What is sustainability?
Sustainability entails living mindfully of the future, embracing and respecting
life in the present, and caring for the wellbeing of generations to follow. The
concept is broadly defined as meeting the needs of the present generation without
compromising the ability of future generations to meet their needs.
The ability to adapt to change has been a crucial element to the historical survival
of mankind and increasingly the key to success as an organization, corporation or
community. The ability to sustain our organizations and communities in the face
of rapid global change and resource competition is the critical issue of our age.
Citizens, employees and stakeholders must play a part. Managers, CEOs and leaders,
practicing transformational stewardship, increasingly seek to find sustainable practices
and strategies for their organizations. These principles of sustainable organizations
are more holistic than business practices of the past. They recognize both the need
for return on investment, the wise use of resources and seek the well being of their
employees and stakeholders. These principles describe a workplace or locality that
honors the diversity, inter-relatedness, values and the uniqueness of the people,
places and collaborative processes within our organizations. Sustainable organizations
utilize locally appropriate technology and strategies to secure their future and
benefit their locality. This brochure is an initial guide to actions necessary to
create sustainable organizations and workplaces.
Sustainability in the Workplace
Business jargon follows the trends of the marketplace. Some ideas do not last, while
others have a deep impact on our world view. Sustainability is not a short-term
trend. It has begun and will for the foreseeable future shape the business world
by redefining profit, return on investment, capital and corporate responsibility.
Visionary companies are now beginning to shift toward business practices that respect
people, profit and planet to remain not just competitive, but secure in their respected
One tenet of sustainability is that we must measure our resource use and account
for the external costs of our goods and services. The beauty of going “sustainable”
is that many of the changes we make are beneficial to our health and environment,
while saving us money. Reducing our energy and water usage, as well as waste produced,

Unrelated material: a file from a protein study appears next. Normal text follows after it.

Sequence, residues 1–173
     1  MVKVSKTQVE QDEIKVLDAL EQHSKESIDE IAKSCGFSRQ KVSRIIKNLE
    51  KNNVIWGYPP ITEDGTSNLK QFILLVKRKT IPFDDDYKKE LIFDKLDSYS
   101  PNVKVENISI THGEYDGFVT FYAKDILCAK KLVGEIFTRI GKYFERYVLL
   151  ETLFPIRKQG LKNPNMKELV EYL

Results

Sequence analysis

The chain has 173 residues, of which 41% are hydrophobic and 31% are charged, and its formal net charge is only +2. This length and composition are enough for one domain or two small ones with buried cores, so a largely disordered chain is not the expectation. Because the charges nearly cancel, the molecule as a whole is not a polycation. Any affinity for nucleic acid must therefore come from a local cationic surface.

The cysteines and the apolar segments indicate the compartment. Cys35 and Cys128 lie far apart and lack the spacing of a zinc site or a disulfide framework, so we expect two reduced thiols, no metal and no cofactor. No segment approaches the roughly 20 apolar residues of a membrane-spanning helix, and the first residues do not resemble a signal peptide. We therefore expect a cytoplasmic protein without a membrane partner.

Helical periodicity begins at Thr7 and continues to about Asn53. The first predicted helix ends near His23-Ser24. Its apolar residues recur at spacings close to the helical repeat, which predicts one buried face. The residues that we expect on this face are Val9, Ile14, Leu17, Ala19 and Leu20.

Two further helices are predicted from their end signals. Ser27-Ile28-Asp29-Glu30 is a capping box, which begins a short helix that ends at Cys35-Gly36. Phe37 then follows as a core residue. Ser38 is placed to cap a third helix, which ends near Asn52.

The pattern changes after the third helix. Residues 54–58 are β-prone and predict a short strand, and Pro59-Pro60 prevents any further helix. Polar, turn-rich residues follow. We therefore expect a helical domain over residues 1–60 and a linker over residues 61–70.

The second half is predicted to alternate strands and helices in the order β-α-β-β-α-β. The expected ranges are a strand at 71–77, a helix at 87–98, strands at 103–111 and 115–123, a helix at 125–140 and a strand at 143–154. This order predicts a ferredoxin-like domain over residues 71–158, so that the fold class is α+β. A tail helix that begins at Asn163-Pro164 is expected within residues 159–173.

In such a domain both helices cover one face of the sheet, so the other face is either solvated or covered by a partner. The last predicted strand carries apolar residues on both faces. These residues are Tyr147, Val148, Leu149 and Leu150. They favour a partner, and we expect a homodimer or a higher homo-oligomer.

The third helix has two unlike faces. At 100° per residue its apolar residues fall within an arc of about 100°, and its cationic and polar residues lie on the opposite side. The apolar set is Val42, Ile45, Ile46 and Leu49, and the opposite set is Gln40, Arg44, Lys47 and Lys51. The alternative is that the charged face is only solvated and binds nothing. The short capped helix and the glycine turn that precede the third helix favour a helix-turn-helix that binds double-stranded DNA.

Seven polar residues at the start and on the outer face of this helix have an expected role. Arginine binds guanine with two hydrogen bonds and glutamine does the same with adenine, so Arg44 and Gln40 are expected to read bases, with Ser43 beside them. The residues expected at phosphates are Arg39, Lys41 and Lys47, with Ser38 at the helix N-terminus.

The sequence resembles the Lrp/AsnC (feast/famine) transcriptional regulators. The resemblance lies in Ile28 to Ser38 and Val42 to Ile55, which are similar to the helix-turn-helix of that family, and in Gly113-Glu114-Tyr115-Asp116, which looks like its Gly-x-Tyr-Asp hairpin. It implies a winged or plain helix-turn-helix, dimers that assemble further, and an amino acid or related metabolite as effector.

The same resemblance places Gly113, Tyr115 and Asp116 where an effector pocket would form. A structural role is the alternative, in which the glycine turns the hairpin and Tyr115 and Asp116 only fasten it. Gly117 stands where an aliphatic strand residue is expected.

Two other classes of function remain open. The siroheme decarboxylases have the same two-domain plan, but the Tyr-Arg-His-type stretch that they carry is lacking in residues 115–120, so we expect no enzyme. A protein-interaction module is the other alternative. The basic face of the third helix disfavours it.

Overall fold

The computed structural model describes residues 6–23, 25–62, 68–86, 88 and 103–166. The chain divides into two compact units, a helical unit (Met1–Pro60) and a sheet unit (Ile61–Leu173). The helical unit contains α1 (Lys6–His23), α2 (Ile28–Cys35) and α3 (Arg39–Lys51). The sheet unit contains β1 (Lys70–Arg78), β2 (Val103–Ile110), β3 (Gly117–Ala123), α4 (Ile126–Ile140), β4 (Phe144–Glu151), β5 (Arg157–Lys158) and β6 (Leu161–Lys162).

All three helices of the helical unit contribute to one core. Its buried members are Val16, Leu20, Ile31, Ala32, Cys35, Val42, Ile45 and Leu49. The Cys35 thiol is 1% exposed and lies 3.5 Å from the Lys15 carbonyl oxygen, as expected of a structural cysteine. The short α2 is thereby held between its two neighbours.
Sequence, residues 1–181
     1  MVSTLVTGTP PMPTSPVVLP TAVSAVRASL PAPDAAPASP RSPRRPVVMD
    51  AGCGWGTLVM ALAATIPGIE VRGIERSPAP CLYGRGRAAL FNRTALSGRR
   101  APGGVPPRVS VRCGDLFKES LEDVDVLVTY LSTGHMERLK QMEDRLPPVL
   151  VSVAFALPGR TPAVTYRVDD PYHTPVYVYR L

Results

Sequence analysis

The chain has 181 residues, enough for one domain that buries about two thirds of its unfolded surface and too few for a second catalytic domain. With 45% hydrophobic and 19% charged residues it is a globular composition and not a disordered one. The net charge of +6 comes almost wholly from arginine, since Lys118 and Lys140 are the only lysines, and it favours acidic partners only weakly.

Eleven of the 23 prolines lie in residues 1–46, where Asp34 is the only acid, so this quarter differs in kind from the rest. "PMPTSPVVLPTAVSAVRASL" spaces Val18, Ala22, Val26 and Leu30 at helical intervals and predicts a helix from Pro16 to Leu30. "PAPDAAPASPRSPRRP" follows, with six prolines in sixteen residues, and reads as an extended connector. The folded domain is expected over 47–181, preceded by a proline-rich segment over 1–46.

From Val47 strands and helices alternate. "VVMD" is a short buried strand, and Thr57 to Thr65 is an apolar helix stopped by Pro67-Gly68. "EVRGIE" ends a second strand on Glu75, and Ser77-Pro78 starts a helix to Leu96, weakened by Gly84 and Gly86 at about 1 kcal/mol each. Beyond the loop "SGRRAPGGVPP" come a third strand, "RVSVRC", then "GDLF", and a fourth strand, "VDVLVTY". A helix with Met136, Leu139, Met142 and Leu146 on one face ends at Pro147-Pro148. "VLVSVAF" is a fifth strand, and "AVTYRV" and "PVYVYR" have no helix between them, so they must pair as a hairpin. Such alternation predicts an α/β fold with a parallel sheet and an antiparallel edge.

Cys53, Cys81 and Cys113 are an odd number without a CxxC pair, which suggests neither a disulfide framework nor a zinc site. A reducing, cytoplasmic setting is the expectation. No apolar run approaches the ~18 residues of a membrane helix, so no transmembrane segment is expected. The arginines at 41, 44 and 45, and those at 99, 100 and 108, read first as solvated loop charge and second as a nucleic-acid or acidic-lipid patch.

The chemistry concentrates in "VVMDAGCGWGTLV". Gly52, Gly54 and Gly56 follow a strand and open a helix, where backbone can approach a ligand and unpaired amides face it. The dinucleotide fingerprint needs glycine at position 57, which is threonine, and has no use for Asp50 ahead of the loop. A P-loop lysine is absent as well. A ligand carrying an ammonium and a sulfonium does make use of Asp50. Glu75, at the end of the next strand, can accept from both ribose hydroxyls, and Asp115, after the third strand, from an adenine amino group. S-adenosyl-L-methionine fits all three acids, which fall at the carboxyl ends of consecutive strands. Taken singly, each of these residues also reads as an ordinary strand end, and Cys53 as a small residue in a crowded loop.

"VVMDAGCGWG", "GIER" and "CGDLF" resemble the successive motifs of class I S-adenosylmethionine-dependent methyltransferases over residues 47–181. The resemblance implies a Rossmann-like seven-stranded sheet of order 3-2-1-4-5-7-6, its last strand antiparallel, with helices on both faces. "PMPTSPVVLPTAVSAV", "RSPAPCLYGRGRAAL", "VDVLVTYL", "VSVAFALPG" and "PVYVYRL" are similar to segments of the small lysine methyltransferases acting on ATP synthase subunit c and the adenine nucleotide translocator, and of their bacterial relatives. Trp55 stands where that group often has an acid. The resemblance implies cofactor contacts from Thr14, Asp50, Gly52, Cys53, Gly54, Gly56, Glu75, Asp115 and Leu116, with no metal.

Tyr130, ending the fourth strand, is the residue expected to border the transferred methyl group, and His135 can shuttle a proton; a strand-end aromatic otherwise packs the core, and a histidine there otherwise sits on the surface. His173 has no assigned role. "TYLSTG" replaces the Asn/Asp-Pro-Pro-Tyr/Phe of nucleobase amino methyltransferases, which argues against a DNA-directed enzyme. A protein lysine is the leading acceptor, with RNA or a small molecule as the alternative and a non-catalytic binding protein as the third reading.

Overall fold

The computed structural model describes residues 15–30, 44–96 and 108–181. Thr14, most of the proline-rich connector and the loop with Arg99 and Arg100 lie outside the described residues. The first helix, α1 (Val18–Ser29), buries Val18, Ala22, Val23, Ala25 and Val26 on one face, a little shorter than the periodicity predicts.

all translate into less resource utilization and therefore, lower costs.
Whether you are concerned with cutting operating costs or reducing your business’ carbon footprint, decreasing consumption
of shrinking stocks of natural resources is more than a political or ethical choice.
It is necessary for the viability of an organization, community and country.
In the near future, efficient use of locally available resources, goods and services
will play a huge role in reducing the high costs of power and water for buildings.
In addition to reducing business costs, conservation of resources will promote greater
national security, reducing energy imports and shrink the health and environmental
damages that result from burning fossil fuels. All these indicators point to the
importance of “Buying Local” now and into the future as a critical part
of sustainable, regional economies.
Therefore local businesses are an integral part of the solution. Every action, no
matter how small, can contribute to the global effort to reduce our ecologic footprint.
Sustainable business models have three main drivers:
- Environmental Pressure: As our energy and natural resource demands
grow, impacts to ecosystems are proportionally growing and causing more damage to
the health of our planet and communities.
- Economic Pressure: Sustainability presents opportunities for efficiency
that can improve business performance and competitiveness, while reducing operating
- Social Pressure: Investors, customers, environmental groups and
the media have begun to make sustainability the profitable choice.
Seven Areas of Concern
In the next century, a remarkable transformation of industry and commerce will have to occur as the human population doubles and resources available per person drop by one-half to three-fourths. Society will have to create vital local economies that uses radically less material and energy.